Kimya Forouzan, a second-year law and master’s of public health student, is offering services as a foreign language interpreter to lawyers who are working with people stuck in airports. She said there is a Google document being shared nationally for lawyers and law students to share their contact information and nearby airports where they can provide assistance.

“I really would have a hard time believing that this could be seen as constitutional,” said Forouzan, who has dual citizenship with the U.S. and Iran. “It really does concern me that there seems to be this blatant disregard for the checks and balances in our government.”

Ranjbar and Martyn Miller, the interim assistant vice president of the Office of International Affairs, both said the current political climate has the potential to create new rumors, which can be problematic.

“There are rumors flying right now that countries have been added, so we just always have to tell them, ‘No, those are just rumors,’” Miller said. “Nothing is real until it’s actually published. We are also trying to help students distinguish between rumor and fact.”

Miller added that at this time, the International Affairs office is still advising students and professors not to travel.

Ranjbar said after reading the executive order for the first time, she was left with multiple questions: What is going to happen to her and her pending applications? How is the executive order going to impact people in Syria and Iraq who are dealing with a war?

She added that Trump tweeted several times about Iran this past week, which made her fearful of issues between the United States and her home country in the future.

“War is my red line,” she said. “[Iran] had an eight-year war 20 years ago, and people are still dealing with the consequences of that.”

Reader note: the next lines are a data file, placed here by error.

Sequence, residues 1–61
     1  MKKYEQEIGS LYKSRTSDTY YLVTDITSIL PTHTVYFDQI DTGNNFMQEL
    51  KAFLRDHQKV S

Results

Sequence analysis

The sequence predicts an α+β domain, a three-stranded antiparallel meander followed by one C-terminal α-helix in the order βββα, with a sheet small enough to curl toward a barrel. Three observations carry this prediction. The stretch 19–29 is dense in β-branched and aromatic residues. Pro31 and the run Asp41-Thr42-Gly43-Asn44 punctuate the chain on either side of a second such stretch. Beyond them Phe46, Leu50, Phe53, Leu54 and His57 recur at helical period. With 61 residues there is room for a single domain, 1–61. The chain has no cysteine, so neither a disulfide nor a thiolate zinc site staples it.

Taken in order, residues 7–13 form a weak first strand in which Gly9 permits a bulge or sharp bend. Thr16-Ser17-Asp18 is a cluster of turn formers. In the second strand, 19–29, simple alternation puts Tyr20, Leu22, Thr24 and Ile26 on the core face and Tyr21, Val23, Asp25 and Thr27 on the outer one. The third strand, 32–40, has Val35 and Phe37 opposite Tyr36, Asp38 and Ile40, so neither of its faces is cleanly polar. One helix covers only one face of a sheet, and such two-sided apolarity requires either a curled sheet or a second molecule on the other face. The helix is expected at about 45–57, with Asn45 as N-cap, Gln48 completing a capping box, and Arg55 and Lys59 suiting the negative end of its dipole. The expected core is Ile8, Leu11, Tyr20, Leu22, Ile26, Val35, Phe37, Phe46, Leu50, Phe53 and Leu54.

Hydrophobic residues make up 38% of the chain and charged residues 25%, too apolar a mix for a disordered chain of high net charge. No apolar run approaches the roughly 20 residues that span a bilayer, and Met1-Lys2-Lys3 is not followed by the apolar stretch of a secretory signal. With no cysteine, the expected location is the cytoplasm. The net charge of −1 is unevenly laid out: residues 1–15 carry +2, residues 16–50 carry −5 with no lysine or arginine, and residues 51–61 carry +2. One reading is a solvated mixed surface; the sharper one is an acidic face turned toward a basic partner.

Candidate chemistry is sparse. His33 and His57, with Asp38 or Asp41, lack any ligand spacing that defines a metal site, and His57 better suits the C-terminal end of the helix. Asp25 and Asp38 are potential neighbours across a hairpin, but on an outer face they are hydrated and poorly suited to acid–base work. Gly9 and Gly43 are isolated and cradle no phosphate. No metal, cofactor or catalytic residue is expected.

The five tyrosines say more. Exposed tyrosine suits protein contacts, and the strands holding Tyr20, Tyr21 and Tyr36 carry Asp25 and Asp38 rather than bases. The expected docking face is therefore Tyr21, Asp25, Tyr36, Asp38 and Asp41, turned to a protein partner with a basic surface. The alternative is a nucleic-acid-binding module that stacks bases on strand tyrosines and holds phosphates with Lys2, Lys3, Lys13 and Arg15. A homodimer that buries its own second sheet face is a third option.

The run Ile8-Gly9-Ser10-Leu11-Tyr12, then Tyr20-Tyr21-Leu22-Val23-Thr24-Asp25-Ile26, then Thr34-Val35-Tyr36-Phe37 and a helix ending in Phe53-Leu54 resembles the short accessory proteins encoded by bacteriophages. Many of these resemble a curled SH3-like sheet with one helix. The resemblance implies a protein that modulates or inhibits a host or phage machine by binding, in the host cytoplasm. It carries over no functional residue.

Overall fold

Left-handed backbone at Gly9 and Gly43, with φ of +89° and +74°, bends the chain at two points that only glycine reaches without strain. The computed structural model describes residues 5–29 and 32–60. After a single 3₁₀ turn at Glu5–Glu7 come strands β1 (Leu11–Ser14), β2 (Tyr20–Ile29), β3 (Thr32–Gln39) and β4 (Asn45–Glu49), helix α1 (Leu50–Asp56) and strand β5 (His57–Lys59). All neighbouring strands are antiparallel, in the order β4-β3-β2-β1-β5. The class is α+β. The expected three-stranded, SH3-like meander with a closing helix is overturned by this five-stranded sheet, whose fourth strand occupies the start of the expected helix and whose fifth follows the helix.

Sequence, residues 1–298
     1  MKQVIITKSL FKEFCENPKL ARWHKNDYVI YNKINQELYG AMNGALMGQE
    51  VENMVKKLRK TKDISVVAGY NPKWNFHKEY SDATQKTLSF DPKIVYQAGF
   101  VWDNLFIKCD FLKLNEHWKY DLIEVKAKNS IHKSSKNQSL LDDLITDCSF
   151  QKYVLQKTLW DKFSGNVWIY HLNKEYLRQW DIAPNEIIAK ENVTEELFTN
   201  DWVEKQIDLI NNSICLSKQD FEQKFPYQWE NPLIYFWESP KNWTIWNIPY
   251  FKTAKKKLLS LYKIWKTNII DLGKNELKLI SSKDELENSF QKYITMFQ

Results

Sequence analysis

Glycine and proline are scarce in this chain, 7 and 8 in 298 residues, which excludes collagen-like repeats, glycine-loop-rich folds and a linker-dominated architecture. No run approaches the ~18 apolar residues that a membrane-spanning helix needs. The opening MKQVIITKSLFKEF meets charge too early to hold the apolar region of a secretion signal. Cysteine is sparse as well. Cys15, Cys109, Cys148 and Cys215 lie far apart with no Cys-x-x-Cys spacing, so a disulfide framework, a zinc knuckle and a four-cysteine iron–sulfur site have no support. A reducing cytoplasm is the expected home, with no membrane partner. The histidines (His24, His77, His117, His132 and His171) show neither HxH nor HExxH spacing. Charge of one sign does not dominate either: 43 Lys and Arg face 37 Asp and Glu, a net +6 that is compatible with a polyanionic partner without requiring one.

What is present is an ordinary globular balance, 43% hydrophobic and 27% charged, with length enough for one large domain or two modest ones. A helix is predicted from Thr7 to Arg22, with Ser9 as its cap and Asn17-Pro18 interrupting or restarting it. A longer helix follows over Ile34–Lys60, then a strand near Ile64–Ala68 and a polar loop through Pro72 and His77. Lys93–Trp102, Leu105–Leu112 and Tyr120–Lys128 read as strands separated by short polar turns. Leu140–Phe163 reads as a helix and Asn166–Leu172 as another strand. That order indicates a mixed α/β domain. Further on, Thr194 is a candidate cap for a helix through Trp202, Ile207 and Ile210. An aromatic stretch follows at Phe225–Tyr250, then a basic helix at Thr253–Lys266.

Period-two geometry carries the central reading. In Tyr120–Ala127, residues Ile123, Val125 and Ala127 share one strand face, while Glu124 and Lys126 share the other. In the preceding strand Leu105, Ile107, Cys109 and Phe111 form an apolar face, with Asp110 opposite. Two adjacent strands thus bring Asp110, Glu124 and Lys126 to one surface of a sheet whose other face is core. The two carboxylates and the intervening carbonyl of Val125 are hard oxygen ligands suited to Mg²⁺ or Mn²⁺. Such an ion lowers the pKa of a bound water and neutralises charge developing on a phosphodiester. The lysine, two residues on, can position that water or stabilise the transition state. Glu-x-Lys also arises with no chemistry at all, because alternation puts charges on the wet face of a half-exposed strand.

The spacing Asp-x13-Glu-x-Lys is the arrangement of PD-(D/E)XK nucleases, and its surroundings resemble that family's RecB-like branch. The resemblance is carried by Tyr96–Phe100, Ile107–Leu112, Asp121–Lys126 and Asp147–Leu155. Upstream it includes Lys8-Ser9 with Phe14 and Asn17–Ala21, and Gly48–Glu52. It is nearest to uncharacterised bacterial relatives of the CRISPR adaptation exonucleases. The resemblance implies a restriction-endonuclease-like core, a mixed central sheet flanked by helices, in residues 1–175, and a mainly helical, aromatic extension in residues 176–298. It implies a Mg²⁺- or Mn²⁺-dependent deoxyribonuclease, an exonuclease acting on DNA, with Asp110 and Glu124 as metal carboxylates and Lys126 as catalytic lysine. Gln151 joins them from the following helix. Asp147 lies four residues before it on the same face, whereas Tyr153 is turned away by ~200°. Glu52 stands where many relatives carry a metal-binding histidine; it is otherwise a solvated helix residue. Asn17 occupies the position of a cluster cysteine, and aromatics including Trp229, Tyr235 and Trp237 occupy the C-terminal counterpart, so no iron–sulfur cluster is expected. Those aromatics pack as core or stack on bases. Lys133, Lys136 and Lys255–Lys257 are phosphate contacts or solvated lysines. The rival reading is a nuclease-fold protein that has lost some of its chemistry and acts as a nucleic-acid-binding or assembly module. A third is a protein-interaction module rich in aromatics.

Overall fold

Ranjbar said Temple’s response to the executive order made her feel supported. She received a couple emails from International Affairs, and she had a one-on-one meeting with Miller on Monday. There were also legal consulting sessions held on Main Campus and the Health Sciences Campus last week.

But she added that she could have used some emotional support, like a group counseling session, which would be helpful for students from the seven countries who are dealing with fear and uncertainty.

“My friends said they couldn’t study for the whole week, so … for them, just to give them space to talk about their fears, their concerns, just to be able to get over it and go back to their school stuff,” Ranjbar said.

Ranjbar has no plans to leave the country since her current visa does not allow her to do so, but she is hopeful that with the current halt on the executive order, her permanent residency application will get a fair chance.

“Even though I like the life I made here or built for myself, my boyfriend is American, lots of my friends are American, I consider this place my home, but it’s OK,” Ranjbar said. “I can go live somewhere else, but that’s my right to be able to plan for my life, and that was the first thing that was completely off the table.”

Emily Scott can be reached at emily.ivy.scott@temple.edu or on Twitter @emilyivyscott.

Emily Scott

Emily Scott

can be reached at emily.ivy.scott@temple.edu
Or you can follow Emily on Twitter @emilyivyscott ‏
Follow The Temple News @TheTempleNews
Emily Scott